Handling The Pressure Of A Tire Blowout
Signs of tire blowouts litter the sides of highways and roads, igniting dread in most people. The idea of suddenly losing control of a vehicle at high speeds (or any speed) is unsettling, and rightfully so. Blowouts cause 11,000 accidents and 200 fatalities each year. Knowing how to prevent one and what to do if it happens can mean the difference between a controlled situation and a dangerous one.
It's obvious when a tire blows. A loud bang is followed by the vehicle pulling strongly to the left or right, depending on which tire blew. Unfortunately, the instinct to slam on the brakes and pull over is the opposite of what should be done. Instead, keep the vehicle moving in order to maintain control. Continue in the same direction instead of swerving off the road. The National Safety Council says to follow these steps:
- Firmly grip the steering wheel
- Do NOT slam on the brakes, but let the car come to a gradual stop
- Put hazard lights on and carefully get the car to the side of the road or exit
- Pull over only in a safe area, and make sure the vehicle is completely off the road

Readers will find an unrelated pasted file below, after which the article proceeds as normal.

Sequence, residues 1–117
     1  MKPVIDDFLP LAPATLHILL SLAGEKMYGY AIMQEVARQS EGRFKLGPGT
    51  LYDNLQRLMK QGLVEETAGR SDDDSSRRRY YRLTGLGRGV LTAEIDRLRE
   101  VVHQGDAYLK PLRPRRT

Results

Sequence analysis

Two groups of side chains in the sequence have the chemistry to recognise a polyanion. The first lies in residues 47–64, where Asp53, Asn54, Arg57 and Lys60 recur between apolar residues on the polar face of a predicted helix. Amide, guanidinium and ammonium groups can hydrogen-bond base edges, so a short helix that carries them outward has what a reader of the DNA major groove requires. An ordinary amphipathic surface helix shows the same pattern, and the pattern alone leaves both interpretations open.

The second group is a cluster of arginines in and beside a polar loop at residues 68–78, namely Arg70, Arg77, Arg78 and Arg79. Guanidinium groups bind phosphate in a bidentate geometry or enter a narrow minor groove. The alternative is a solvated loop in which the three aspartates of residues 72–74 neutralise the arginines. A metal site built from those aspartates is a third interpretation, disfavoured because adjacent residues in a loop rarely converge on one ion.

Avoiding A Blowout
Knowing how to handle a blowout is important, but taking a few precautions can help avoid the situation altogether.
An under-inflated tire will shorten the life quicker than anything else. Without enough air, the tire's components flex too much and quickly break down. An overinflated tire can quickly overheat, weakening the structure.
A car or truck's maximum carrying capacity is different than a tire's maximum. Check the tire for weight limits and increase the air pressure to the highest allowed when needed.
Avoid potholes and curbs
Sometimes damage doesn't show up right away, but hitting curbs, potholes, or other obstacles and debris can cause internal damage on the tire.
Routinely checking tires for signs of damage or normal wear-and-tear can minimize the risks of being in a dangerous situation. If you have questions about tire safety or the quality of your tires, contact us.